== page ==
Jesus reminds us again and again that Christians are to strive NOT to put themselves at the center of their lives. Taking our Christian lives seriously is sure to put us on a collision course with the larger world. Christ warns us that we may even lose our lives. I suspect that he means this on several different levels, yet it is worth reminding ourselves of how many martyrs there have been, even in the late-20th century, people who were murdered because they dared to take Christianity seriously and called on corrupt governments to change their practices or went to places where the rest of us are afraid to go to help the poor of the world.

If we don’t put ourselves at the center of our lives (and what a countercultural idea that is!), then who should be there? Many of us deny ourselves for the good of our children, for our charity work, for our bosses. Yet that’s not the right answer either. God requires that we put God at the center of our lives.

Frankly, many of us are much better at putting our children first or our students or our friends—but God? Many of us are mystified at how we even begin to do that.

A good place to start is with prayer. You don’t need a formal time to pray—just check in throughout the day. Go back to the practices that your parents probably tried to instill in you: say grace before meals, say your bedtime prayers, think about who could use God’s assistance, and use your prayer time to remind God of those people. If you feel awkward, go back to old standards, like saying the Lord’s Prayer or reading a Psalm. Make God a daily and a weekly priority: go to church services. Lent gives you the opportunity to experience different kinds of services. Take advantage of them.

Once God is at the center of your life, then you are more well-equipped to care for the world. We are not emotionally equipped to deal with the cares of the world, especially now that we have 24 hour reporting on every catastrophe that happens. But with God at our core, we can cope.


I’ve never heard the word “victory” used so much in one talk. Several years ago I visited a megachurch while vacationing in AZ to refresh my ecclesial palette after growing up in the Roman Catholic church, then attending and serving in Lutheran congregations. The repeated emphasis in the sermon that God would give those several hundred of us at the service “victory over our circumstances” stuck with me. I don’t usually think of my life in terms of victory or defeat. I just try to keep growing and learning how to love my spouse, my family and friends and my neighbors better. Are victory and triumph foreign to the Christian walk?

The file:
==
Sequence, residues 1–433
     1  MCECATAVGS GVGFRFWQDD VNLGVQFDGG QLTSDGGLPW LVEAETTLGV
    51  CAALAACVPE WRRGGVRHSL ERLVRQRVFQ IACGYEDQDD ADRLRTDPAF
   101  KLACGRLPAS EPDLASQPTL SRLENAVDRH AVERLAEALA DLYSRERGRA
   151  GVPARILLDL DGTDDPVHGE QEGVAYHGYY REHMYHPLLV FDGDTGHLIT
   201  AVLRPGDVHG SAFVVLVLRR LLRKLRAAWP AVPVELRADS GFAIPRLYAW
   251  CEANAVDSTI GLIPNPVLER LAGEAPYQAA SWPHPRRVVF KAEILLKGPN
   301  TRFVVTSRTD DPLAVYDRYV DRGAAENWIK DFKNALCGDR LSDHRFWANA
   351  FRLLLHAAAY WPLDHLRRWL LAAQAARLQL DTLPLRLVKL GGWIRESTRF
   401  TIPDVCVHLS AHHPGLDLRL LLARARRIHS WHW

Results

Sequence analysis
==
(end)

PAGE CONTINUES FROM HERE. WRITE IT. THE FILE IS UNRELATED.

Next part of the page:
By no means! The authors of Scripture insist that we think about victory in a strange—and holy—way.

In this week’s Gospel reading, Peter and Jesus have different ideas about what success (or victory) means. Jesus, ever faithful to his calling, spoke to his disciples about how he must suffer, be rejected by the religious elite and then murdered. Even the assurance that after three days he would rise again wasn’t sufficient comfort to prevent Peter from taking Jesus aside to talk sense into him. 

  • The Messiah is supposed to win! 
  • How could God’s chosen one suffer? 
  • How could he fail to win acclaim from the leaders of God’s people? 
  • Surely Jesus would eventually be welcomed into the temple as he had been welcomed into the synagogues of Galilee! He would sign a multi-scroll-deal and become the biggest religious influencer ever, right?

Well, partly…but first Jesus was mocked and rejected. He refused to fight against those who wanted to kill him—and who would eventually kill his disciples and their families. That doesn’t look or feel like victory.

Throughout the centuries since, some Christians have looked to the cross of Christ and heard “in this sign, conquer.” I don’t think it works that way at all. After conquering sin and death, Jesus doesn’t turn around and authorize his followers to wield sin and death to behave like those who killed his friends. Conquering humans is categorically off the menu for those who would follow Jesus.

Gaining the world necessarily leads to losing one’s soul. If we are ashamed of Jesus’ self-giving life, shameful death and victory over death, which didn’t save his followers and friends from being murdered as he was, then Jesus says he will be ashamed of us. That is the gospel, believe it or not. We don’t have to gain victory over empires. We don’t have to convince religious elites to agree with us. We don’t have to live a life free from suffering. In fact, when we suffer, Jesus draws close to us and says, “I’ve been there too.

This may not feel like the human kind of victory that Peter wanted, but it’s exactly the kind that Jesus has worked. Jesus frees us from the rat race, from the pressure to acquire or win, to simply be enough, to be a loved and accepted heir of the Great King who has achieved the only victory that matters: the victory over sin and death that separates us from God and each other.

That gifted preacher was right—God wants victory for us. But God isn’t interested in the kind of victory that is celebrated by the world: a military victory over enemies, a financial victory over a rival, or a popular victory over a competitor. Jesus’ ministry would have looked a lot different if those victories were how God measured success. Instead, the kind of victory that God wants is righteous lives of loving-kindness that testify to the triumph that Jesus has won over the forces of sin and death.